BY: Fr. Mike Lagrimas


Once there was a king who collected live crocodiles. He kept them in the pool at the back of his palace. He also had a beautiful daughter. One day he hosted a big party and invited the prominent families of his kingdom, along with their bachelor sons. During the party he announced: “My friends, I am looking for the most courageous man for my daughter. I will give my daughter in marriage or award a million dollars to the man who can swim across this pool full of crocodiles unharmed!” Almost immediately, even before he finished speaking, there was a big splash in the pool!

Everybody turned around and saw one guy swimming very fast. In just a matter of seconds, he crossed the pool – unharmed! The king was impressed: “Oh, my! You are, indeed, a brave young man! I did not think this could be done! You have proven me wrong. Now, which do you want: my daughter or the one million dollars?” The young man looked at the king and said, “Listen, I am not interested in your daughter. And I don’t need your money. But right now, I want to know who pushed me into that pool!”

It is never easy to forgive. Our fallen human nature is always inclined towards the boosting of our ego. Hence, we consider revenge as the natural course of action against anyone who has done harm to our ego. Sometimes the desire for revenge is so strong that, for some people, it has become the sole motivation for living.

In Mindanao, in southern Philippines, most Muslim families are engaged in “Rido”, or feuds characterized by sporadic outbursts of retaliatory violence between families and clans, as well as between communities. Muslim families and tribes there have adopted a custom of planting a bamboo tree in their backyard as a reminder that another family or tribe has offended them. Thus, the children will not forget the injustice done to their family and take vengeance at the next opportunity. In a typical Muslim neighborhood, bamboo trees are a common sight. For outsiders, these bamboo trees may add beauty to the surrounding, but for the residents, these are silent heralds that peace is always fragile and short-lived, mainly due to the endless tribal wars and family feuds that are fueled by their insatiable thirst for revenge and violence.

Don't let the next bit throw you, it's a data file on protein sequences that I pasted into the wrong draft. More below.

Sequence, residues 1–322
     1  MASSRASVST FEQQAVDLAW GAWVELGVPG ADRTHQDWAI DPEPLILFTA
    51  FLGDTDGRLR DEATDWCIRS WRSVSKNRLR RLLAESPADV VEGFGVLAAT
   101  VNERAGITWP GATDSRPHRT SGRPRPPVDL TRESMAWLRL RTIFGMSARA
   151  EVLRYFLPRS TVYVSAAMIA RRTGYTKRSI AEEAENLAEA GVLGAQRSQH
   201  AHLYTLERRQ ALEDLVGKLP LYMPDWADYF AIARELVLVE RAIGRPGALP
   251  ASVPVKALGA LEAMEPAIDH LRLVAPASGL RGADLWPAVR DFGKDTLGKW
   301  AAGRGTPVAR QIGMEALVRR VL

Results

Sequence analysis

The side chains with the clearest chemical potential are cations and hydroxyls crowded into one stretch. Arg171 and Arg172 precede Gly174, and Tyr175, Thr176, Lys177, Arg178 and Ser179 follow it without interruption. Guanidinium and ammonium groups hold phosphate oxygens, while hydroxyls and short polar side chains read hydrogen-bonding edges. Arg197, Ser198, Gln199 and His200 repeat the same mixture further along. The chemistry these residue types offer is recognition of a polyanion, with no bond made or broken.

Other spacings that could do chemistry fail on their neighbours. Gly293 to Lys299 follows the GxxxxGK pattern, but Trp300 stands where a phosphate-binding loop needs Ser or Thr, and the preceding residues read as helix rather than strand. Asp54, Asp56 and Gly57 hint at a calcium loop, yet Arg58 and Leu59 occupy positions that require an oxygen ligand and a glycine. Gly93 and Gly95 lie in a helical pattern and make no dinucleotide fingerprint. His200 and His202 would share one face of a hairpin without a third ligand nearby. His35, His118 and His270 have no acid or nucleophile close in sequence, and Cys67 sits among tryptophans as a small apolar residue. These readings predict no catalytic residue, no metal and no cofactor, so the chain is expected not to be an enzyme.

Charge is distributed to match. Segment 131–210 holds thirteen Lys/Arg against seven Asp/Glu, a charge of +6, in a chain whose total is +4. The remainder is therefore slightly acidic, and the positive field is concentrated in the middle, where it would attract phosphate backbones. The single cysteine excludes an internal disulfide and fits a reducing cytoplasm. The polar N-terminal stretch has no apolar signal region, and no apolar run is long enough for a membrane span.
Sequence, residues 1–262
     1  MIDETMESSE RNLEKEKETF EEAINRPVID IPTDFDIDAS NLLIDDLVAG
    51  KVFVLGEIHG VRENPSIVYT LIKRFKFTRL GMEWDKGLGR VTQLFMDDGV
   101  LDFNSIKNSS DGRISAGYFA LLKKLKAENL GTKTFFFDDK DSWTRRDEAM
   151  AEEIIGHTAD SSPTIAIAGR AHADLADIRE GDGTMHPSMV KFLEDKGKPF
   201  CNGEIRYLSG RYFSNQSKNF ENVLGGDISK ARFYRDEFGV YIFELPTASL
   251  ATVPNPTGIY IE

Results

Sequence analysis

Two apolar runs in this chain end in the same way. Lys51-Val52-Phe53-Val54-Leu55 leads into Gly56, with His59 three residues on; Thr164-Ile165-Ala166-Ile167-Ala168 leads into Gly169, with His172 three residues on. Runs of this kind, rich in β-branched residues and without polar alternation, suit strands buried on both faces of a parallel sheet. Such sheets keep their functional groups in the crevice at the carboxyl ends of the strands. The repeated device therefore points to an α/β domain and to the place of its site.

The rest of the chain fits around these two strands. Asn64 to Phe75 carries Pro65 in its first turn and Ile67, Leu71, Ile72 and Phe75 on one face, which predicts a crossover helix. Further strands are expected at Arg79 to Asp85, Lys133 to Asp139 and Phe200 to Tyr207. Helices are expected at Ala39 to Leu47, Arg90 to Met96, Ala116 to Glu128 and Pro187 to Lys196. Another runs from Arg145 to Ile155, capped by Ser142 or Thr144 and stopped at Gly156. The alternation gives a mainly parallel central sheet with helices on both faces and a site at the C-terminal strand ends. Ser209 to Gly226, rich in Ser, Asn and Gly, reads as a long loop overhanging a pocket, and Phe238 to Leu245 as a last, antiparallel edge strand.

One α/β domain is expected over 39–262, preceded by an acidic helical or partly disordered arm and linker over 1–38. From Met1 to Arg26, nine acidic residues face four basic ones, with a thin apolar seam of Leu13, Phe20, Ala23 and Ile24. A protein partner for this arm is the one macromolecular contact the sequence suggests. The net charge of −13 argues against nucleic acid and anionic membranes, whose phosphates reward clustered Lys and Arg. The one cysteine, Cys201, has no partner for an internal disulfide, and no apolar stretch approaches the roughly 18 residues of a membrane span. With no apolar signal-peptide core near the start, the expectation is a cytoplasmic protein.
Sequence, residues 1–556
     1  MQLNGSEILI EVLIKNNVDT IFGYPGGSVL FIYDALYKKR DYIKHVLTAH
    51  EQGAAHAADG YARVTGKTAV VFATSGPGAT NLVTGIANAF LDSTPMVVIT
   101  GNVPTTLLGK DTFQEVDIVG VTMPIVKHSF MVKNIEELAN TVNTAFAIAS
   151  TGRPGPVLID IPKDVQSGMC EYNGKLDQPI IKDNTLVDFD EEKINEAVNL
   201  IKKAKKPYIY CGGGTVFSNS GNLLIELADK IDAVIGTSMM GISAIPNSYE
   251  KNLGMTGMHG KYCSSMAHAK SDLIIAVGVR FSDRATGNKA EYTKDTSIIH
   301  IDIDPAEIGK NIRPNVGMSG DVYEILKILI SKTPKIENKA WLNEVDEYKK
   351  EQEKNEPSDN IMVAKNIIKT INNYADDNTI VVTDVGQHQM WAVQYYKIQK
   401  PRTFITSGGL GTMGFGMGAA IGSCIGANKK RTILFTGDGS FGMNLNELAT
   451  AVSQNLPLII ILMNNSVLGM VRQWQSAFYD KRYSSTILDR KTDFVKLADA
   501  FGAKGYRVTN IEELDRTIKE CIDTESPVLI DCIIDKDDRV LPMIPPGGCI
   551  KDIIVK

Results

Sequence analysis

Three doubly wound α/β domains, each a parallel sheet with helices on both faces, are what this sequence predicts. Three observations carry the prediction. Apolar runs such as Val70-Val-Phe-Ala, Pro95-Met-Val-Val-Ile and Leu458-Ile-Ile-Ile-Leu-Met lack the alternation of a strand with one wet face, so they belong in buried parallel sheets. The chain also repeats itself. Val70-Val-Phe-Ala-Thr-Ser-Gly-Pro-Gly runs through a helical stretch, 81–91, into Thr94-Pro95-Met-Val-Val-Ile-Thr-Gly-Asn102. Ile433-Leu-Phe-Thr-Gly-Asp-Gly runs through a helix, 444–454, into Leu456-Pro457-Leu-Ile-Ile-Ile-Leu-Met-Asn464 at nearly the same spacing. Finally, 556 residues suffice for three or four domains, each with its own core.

In 2001, the world was jolted when terrorists bombed the World Trade Center, instantly killing three thousand innocent people. We were all shocked, saddened and furious. We demanded that the perpetrators of this heinous crime be hunted down and brought to justice. Hence, wars against terrorists were waged – in Iraq, Afghanistan, Pakistan, and in several other countries in the world. These wars have already killed hundreds of thousands of people, combatants and non-combatants alike – exponentially exceeding the number of those killed in the bombing of the Twin Towers. And the wars and killings show no sign of stopping, for we all know that violence begets violence. Indeed, as a saying goes, “War does not determine who is right – only who is left.”